Recent research is being seized upon by Senate Democrats to allege violations of net neutrality principles by mobile data carriers slowing down online traffic.
Senators Ed Markey (D-Mass.), Richard Blumenthal (D-Conn.), and Ron Wyden (D-Ore.) this week sent letters to AT&T, Verizon, Sprint, and T-Mobile after recent research alleged that they were slowing down certain services on their networks.
A study using data collected from an app called “Wehe” produced what it says is evidence that each mobile carrier has throttled at least one video streaming service. The group includes researchers at Northeastern University, University of Massachusetts-Amherst, and Stony Brook University. The study indicated that Netflix, YouTube, Amazon Prime, and NBC Sports have all been subject to bandwidth throttling.
“All online traffic should be treated equally, and internet service providers should not discriminate against particular content or applications for competitive advantage purposes or otherwise,” the Senators wrote in their letters. They demanded responses, from each targeted carrier, to questions that included:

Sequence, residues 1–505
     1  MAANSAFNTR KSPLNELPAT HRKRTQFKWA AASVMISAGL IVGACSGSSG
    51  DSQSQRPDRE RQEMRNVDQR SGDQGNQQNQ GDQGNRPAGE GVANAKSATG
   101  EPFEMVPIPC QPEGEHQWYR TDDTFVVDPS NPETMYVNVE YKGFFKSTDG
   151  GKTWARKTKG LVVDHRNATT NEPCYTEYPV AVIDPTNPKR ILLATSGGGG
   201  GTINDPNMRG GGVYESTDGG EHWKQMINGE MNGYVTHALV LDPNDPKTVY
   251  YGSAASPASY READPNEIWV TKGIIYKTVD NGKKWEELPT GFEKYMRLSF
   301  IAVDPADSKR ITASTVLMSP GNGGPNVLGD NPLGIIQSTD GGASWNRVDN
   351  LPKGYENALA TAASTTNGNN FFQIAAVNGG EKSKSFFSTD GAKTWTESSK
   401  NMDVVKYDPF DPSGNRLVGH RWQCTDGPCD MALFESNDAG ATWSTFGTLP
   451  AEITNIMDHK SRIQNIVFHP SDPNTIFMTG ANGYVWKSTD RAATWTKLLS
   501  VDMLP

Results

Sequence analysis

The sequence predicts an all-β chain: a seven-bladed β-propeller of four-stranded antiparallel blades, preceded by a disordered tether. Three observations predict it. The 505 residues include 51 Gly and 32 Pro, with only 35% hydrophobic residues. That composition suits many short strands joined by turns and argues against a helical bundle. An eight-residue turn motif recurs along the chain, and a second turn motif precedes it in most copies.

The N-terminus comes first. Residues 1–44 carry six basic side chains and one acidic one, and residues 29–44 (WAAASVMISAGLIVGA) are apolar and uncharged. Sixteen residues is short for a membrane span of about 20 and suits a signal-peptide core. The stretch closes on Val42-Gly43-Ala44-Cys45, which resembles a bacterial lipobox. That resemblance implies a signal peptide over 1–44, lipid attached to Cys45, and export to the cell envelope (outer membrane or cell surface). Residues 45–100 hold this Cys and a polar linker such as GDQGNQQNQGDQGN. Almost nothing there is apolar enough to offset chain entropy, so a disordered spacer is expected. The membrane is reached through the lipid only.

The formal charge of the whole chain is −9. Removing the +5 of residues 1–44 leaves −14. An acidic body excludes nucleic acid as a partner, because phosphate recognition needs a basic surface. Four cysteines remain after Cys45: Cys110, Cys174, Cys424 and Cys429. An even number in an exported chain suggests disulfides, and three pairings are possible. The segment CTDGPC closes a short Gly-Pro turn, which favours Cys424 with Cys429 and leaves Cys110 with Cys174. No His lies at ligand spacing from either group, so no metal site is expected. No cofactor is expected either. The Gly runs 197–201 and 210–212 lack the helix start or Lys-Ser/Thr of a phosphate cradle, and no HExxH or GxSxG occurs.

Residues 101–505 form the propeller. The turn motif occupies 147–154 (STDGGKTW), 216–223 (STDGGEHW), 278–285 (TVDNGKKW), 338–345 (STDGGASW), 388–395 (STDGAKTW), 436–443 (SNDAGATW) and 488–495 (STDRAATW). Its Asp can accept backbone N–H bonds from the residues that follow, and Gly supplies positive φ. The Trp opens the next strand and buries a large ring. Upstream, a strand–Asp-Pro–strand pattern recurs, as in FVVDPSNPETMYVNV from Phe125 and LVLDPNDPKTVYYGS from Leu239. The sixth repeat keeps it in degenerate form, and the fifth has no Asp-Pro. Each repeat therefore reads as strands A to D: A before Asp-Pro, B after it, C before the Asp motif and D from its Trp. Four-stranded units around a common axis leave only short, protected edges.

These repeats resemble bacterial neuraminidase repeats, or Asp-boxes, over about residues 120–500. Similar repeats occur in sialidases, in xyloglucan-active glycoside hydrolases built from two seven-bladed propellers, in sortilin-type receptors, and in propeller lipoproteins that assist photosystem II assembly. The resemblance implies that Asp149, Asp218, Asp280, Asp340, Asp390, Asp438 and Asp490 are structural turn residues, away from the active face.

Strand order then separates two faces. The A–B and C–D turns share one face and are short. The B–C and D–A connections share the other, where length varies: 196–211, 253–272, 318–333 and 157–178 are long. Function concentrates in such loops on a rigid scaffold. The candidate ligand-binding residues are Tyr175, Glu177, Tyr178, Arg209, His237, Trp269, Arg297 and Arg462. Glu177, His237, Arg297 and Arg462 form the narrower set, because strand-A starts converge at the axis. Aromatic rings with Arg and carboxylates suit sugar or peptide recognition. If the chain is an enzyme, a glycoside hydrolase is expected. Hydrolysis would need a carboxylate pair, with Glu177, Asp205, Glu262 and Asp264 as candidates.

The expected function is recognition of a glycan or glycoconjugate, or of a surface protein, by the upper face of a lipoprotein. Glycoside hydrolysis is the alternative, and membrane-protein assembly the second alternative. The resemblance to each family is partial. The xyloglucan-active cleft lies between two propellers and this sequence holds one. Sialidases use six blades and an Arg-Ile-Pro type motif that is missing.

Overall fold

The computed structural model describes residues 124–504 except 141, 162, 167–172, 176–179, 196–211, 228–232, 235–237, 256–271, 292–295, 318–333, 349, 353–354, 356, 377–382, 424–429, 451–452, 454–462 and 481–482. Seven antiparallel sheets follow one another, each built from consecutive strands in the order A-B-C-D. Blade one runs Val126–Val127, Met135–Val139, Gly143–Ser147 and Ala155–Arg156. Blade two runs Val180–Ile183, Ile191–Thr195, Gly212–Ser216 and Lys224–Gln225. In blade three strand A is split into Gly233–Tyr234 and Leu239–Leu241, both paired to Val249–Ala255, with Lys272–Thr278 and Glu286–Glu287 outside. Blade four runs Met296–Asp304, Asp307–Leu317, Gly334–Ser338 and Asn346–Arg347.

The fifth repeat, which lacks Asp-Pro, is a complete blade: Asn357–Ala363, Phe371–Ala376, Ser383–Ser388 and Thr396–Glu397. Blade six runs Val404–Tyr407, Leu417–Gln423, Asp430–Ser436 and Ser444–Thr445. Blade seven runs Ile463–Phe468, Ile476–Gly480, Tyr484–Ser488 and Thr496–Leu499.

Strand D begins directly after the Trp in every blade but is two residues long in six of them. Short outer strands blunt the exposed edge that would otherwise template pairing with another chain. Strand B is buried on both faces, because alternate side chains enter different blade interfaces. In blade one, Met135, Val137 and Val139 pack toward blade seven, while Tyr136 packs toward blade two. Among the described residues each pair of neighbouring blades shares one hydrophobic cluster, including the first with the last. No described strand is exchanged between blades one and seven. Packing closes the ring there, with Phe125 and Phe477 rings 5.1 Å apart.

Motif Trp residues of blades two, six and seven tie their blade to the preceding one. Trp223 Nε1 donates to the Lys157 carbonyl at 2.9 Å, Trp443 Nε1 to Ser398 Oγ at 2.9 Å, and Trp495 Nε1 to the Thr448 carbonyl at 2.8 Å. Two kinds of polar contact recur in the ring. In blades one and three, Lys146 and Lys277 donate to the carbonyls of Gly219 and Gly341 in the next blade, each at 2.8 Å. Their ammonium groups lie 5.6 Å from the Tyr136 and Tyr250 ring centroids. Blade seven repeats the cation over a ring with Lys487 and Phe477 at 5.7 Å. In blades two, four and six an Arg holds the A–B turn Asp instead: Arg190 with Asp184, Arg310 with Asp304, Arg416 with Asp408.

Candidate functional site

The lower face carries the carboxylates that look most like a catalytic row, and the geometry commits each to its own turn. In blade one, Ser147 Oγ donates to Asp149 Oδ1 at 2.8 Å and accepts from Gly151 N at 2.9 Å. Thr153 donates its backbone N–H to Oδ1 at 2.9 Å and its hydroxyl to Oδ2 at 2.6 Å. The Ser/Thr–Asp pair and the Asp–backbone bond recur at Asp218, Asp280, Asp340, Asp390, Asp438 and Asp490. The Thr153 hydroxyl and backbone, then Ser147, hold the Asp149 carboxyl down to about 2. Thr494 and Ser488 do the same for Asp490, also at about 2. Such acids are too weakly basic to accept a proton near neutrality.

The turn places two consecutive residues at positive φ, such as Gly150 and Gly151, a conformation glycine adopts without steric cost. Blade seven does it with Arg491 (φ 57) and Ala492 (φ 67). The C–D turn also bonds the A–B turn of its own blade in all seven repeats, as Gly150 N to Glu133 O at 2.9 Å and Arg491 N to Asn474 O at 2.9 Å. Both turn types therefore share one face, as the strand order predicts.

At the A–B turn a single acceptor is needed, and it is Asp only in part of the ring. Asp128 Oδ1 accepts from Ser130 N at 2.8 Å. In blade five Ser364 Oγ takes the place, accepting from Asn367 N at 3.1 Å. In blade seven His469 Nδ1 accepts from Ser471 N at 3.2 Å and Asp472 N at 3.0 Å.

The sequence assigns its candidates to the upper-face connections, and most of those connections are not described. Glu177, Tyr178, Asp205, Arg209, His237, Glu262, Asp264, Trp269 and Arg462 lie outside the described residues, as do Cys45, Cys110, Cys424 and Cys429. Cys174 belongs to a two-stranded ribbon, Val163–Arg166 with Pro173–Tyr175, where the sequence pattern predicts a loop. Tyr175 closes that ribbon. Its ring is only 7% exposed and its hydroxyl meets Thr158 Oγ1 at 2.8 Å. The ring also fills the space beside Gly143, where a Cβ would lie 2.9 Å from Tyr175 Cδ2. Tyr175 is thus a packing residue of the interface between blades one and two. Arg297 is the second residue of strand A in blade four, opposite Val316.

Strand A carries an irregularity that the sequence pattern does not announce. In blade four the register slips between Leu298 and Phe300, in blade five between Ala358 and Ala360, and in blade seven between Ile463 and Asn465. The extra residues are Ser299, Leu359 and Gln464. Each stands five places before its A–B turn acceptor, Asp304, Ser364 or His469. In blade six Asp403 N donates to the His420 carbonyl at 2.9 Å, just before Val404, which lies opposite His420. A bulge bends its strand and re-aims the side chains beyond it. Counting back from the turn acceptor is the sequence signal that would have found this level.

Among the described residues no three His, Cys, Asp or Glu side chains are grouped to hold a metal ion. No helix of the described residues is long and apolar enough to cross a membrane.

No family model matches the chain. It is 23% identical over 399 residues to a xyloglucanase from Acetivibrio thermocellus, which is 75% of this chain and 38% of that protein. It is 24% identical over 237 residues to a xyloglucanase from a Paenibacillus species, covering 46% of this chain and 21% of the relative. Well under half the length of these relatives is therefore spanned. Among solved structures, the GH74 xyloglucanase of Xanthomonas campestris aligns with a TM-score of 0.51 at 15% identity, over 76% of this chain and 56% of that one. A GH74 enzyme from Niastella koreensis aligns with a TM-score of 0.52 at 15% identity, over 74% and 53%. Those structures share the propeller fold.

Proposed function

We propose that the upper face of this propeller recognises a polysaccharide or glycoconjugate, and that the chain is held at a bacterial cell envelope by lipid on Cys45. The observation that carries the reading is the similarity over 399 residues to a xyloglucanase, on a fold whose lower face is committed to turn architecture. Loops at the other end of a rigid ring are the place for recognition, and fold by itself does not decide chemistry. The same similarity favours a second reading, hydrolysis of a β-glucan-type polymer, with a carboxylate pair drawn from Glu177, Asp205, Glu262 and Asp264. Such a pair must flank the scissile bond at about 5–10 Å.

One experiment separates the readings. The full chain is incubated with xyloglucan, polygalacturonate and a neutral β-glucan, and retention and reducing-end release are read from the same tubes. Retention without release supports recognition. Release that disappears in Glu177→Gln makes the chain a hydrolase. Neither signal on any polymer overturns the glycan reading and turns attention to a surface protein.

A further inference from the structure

- Has your company put into practice policies to throttle or prioritize internet traffic for consumers? What is the purpose of these policies?
- Are consumers able to opt-in or opt-out of traffic differentiation? Does a customer’s choice change the price or affect their service, such as data allocation or requiring a different plan?
- How do you determine which network traffic receives faster or slower treatment? Is it based on content, behavior, or IP address?
In December 2017, the Federal Communications Commission repealed its Obama era net neutrality rules that prohibited throttling and other discriminatory practices. Markey introduced a Congressional Review Act resolution to reinstate those rules in February 2018. The resolution was passed by the Senate on a bi-partisan basis in May and is now being debated in the House of Representatives.
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